The colonial period ended with another bloody war, this one waged by rebellious colonists against their English rulers. Ironically, the colonists who had deprived most of the population—religious dissenters, women, slaves, and Indians—of legal rights and voices in governance based their Declaration of Independence on pious claims that "all men are created equal" and that governments must derive "their just powers from the consent of the governed." Those who drafted and signed this solemn declaration in 1776 firmly believed in its principles and protestations, but they were all white men of property who simply did not comprehend that people unlike them had been equally "endowed by their Creator" with the same "inalienable rights" they claimed for themselves. And so, when another group of white men of property met in Philadelphia in 1787 to draft a constitution for the United States, they brought to this task the same lack of comprehension. The dispossessed and disenfranchised groups that had no voices in the Constitutional Convention were forced to wait almost two centuries until their own declarations of independence were heard—if not always heeded—by the Supreme Court.

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Table of Contents

Foreword v
Introduction: "The Genius of the Constitution" xiii
Section I "To Establish a More Perfect Union" 1
Chapter 1 "Morally Sinful by the Word of God": The law of the colonial era and its treatment of religious dissenters, women, blacks, and Indians 3
Chapter 2 "The Exigencies of the Union": The Constitutional Convention meets in 1787; James Madison and the Virginia Plan 17
Chapter 3 "Dishonorable to the National Character": The Framers debate the powers of Congress; the Great Compromise over slavery 27
Chapter 4 "The Supreme Law of the Land": The Framers debate executive power and establish the Supreme Court 36
Chapter 5 "The Country Must Finally Decide": The Framers debate a bill of rights; the final drafting and signing of the Constitution 48
Chapter 6 "The Plot Thickens Fast": The states debate and ratify the Constitution 59
Chapter 7 "The Nauseous Project of Amendments": The First Congress debates a bill of rights; the states ratify the first ten amendments 69
Section II "It Is a Constitution We Are Expounding" 83
Chapter 8 "The Court Is Now Sitting": Establishing the Supreme Court; its first sessions and members 85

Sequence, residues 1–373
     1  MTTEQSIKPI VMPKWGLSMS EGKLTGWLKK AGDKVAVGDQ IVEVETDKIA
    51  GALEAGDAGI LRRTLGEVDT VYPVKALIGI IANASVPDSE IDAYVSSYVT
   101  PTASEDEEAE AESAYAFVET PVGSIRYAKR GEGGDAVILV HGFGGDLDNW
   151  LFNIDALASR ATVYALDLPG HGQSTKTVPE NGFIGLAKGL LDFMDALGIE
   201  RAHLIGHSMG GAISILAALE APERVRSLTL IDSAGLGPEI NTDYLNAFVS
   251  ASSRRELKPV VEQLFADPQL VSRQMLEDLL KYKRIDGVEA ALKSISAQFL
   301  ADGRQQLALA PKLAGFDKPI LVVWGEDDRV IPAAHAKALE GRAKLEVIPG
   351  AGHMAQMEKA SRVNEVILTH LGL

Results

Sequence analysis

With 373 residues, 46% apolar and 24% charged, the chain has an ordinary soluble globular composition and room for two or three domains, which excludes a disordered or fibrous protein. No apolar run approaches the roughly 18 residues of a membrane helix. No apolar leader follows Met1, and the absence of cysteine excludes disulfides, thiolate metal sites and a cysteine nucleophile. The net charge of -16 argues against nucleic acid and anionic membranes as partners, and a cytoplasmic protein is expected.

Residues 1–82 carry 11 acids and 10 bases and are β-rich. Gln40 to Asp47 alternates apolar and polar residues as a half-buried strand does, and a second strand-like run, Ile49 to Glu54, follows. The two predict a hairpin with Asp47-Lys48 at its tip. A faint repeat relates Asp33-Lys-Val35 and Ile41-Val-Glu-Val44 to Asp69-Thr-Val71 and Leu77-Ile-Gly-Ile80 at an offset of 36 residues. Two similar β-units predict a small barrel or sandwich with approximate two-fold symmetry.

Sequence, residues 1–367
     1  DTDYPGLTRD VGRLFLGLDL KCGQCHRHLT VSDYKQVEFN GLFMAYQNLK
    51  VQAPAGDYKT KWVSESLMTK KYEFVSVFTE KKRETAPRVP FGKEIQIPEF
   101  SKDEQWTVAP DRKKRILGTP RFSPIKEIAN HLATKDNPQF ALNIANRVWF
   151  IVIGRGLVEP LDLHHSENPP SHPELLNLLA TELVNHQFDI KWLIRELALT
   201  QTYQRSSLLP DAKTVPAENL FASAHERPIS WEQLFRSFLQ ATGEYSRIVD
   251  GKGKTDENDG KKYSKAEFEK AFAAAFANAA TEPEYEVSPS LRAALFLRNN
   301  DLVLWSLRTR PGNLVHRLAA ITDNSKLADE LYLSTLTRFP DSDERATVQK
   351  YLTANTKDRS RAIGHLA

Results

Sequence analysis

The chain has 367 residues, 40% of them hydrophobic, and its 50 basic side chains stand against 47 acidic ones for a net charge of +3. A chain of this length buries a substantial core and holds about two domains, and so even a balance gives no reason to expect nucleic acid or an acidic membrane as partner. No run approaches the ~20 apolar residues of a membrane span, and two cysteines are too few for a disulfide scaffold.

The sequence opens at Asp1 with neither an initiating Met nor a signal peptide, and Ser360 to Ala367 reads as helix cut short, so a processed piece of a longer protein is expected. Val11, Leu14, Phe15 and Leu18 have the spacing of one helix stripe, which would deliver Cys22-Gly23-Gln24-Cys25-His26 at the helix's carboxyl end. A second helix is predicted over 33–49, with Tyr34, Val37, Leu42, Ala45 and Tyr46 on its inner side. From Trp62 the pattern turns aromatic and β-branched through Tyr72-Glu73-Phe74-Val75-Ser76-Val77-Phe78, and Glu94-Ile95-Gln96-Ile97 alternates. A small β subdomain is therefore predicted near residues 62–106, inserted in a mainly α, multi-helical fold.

Hayburn's Case (1792)
Chisholm v. Georgia (1793)
Chapter 9 "To Say What the Law Is": Congress passes the Sedition Act; Chief Justice John Marshall and judicial power 96
Marbury v. Madison (1803)
Chapter 10 "These Jarring and Discordant Judgments": The impeachment of Justice Samuel Chase; conflicts between federal and state powers 108
Fletcher v. Peck (1810)
Martin v. Hunter's Lessee (1816)
Cohens v. Virginia (1821)
Chapter 11 "The Good and the Wise": Federal power over the states; the Court construes the Contract Clause 121
McCulloch v. Maryland (1819)
Dartmouth College v. Woodward (1819)
Sturges v. Crowninshield (1819)
Gibbons v. Ogden (1824)
Ogden v. Saunders (1827)
Barron v. Baltimore (1833)
Chapter 12 "Great, Good, and Excellent Man!": The Court first confronts slavery; Chief Justice Marshall dies and Roger Taney takes over 137
The Antelope (1825)
Charles River Bridge v. Warren Bridge (1837)
The Amistad (1841)
Prigg v. Pennsylvania (1842)
Section III "Justly and Lawfully Be Reduced to Slavery" 155
Chapter 13 "A Small, Pleasant-Looking Negro": The background of the Dred Scott case and the legal rights of blacks 157
Dred Scott v. Sandford (1857)
Chapter 14 "Beings of an Inferior Order": The Court decides that blacks are not citizens and have no legal rights 168
Dred Scott v. Sandford, cont. (1857)
Chapter 15 "Another Explosion Will Soon Come": Reaction to the Dred Scott decision; the Lincoln-Douglas debates and the Civil War 179
Ex Parte Milligan (1866)
Chapter 16 "A Higher Law Than the Constitution": Congress adopts and the states ratify the Civil War amendments 190
Slaughterhouse Cases (1873)
United States v. Cruickshank (1876)
Chapter 17 "An Evil Eye and an Unequal Hand": The Civil Rights Act of 1875; the disputed presidential election of 1876 206
Civil Rights Cases (1883)
Yick Wo v. Hopkins (1886)
Chapter 18 "Our Constitution Is Color-Blind": The Court confronts the Jim Crow system of racial segregation 221
Plessy v. Ferguson (1895)
Section IV "Liberty in a Social Organization" 233
Chapter 19 "The Spectre of Socialism": The laissez-faire Constitution and the challenge of socialism and populism 235
Munn v. Illinois (1877)
Mugler v. Kansas (1877)
Chicago, Milwaukee & St. Paul Railway v. Minnesota (1890)
United States v. E. C. Knight Co. (1895)
Pollock v. Farmers' Loan Co. (1895)
In re Debs (1895)
Chapter 20 "The Work Was Light and Healthful": The rights of workers and regulation of the workplace 248
Allgeyer v. Louisiana (1897)
Holden v. Hardy (1898)
Lochner v. New York (1905)
Muller v. Oregon (1908)